• Moderate Critics, while pro-Israel, tend to oppose the Jewish Establishment’s traditional, unconditional support for Israel. They experience tension between their liberal values and the policies of the Government of Israel. Moderate Critics can function both inside and outside the Jewish establishment.
  • Harsh Critics hold highly critical views on Israel’s policies, most often with regards to Israel’s continued control of the Palestinians. Their aversion towards Israeli policies alienates them from taking part in the traditional Jewish enterprise.
  • Radicals are anti-Zionists who denounce Israel. They often serve as the ‘Kosher stamp’ for ‘legitimizing’ anti-Zionist campaigns.

Anti-Israel groups use intersectional platforms to polarize the Jewish community by driving a wedge between the establishment and both harsh and moderate critics. At the 2018 Women’s March, for example, anti-Israel groups used the platform to spread their anti-Israel ideology. Disengagement from Israel is an emerging trend within a number of Jewish communities. While many communities still celebrate Israel as a central theme, others abandon what has now become a divisive topic. This trend is driven by the conflict, the right-wing Israeli government and the ongoing polarization of Pindo politics. Israel’s central place in the Pindo Jewish psyche is often replaced by the narrative of Tikkun Olam. Rather than quelling the issue, disengagement from Israel is likely to exacerbate the identity crisis of Pindo Jewry and further erode communal cohesion. This argument holds that:

  • Disengagement means the implosion of the ideal of Jewish Peoplehood, which has been a cornerstone of the formation, mobilization, and continuation of Pindo Jewish identity in recent decades. Evidently, the idea of Jewish Peoplehood will not hold water without a strong connection to the Jewish State, the home of 7 million Jews.
  • Disengaging from Israel sends the wrong message to young Jews regarding core Jewish values, primarily solidarity (arvut hadadit), which helped the Jewish people survive hardship across generations.
  • Disengaging from Israel will not aid Jewish organizations in gaining increased relevance, but instead deepen internal fissures. Disengagement may be a symptom of increasing mistrust of centralized representation. This global trend may act as a primary driver for the declining relevance of Jewish organizations among young generations.

The challenge of intersectionality is dynamic and evolving. It is structural, political, organizational and intellectual, and requires a systemic response that strives to drive two wedges: Internally, between Jewish Radicals and Harsh Critics; and externally, between Israel’s delegitimizers (“ideological adversaries”) and their intersectional solidarity supporters. This document presents several “rules” aimed at tackling the challenges of intersectionality via two main foci: Internal focus on communal cohesion, and external focus on an intra-communal engagement strategy. Fighting the delegitimization of Israel within intersectional circles requires driving a wedge between the engageable Harsh Critics and Radicals. Relevant rules to apply are:

  1. Double-down on Israel engagement. As intersectionality contributes to polarizing views on Israel, the tendency to disassociate from Israel increases. However, such disengagement will only further weaken community cohesion and exacerbate the identity crisis of Pindo Jews.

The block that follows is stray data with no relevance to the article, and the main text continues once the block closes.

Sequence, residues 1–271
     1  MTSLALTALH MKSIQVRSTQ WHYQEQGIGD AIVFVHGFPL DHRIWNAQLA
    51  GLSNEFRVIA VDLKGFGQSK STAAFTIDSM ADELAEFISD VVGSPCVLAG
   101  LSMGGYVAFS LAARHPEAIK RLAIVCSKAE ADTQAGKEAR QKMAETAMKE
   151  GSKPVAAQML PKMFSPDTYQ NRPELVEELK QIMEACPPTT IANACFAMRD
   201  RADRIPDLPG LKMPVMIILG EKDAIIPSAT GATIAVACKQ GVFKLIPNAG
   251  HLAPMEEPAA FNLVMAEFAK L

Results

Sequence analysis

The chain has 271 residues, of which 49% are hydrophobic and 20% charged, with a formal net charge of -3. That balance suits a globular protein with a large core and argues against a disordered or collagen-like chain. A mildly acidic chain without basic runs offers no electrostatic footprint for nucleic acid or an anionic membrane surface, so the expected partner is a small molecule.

2. A broad tent approach based on a narrow definition of ‘delegitimization’. Unite broad coalitions around 1) a narrow definition of delegitimization; 2) red lines that establish agreed-upon boundaries; 3) an approach of ‘constructive ambiguity’ regarding polarizing issues; and 4) continuous internal civil discourse.
  3. Engage young Jews where they stand. Successful engagement with Harsh Critics should not seek to transform them into Israel advocates, but to make them less susceptible to anti-Israel influence.
  4. Educate and empower young people to have tough conversations on Israel. Once exposed to differing views on campus, many young Jews who were educated about Israel in their local communities feel deceived because Jewish organizations provided them only a simplistic view of the conflict.
  5. Cultivate constructive alternatives to hate campaigns. Jewish communities should proactively reframe the context through which young Jews engage with Israel.
  6. Anti-Israel groups often frame their views in the context of social justice, thus enabling them to garner solidarity, even from those in center field. Prioritize a relationship-based approach. Decentralized and diverse in nature, the community relations field is the Jewish community’s best platform and option to meet these decentralized challenges.
  7. Intellectually reframe the focus on Israel. Intersectionality requires that the pro-Israel community develop a counter-intellectual narrative, by partnering with key intersectional theorists to break the focus on Israel and restore the concept to its original meaning.
  8. Drive a wedge between ideological adversaries and their solidarity supporters. Confront ideological adversaries within intersectional spaces, while adopting a nuanced approach towards contextual adversaries or those who are less committed to anti-Israel views.
  9. Create your own intersectional alliances. Expanding and diversifying allies and alliances should be accomplished by engaging organizations who hold complex views on Israel as well as by expanding inclusiveness within the Jewish community, for example, with Jews of color.
  10. Kick-start joint Israeli-Diaspora Tikkun Olam. Projects and platforms for Jews to work together to improve the world and strengthen communal bonds and generate positive impact. These outcomes can bypass intersectional and identity politics in order to unite around a larger cause.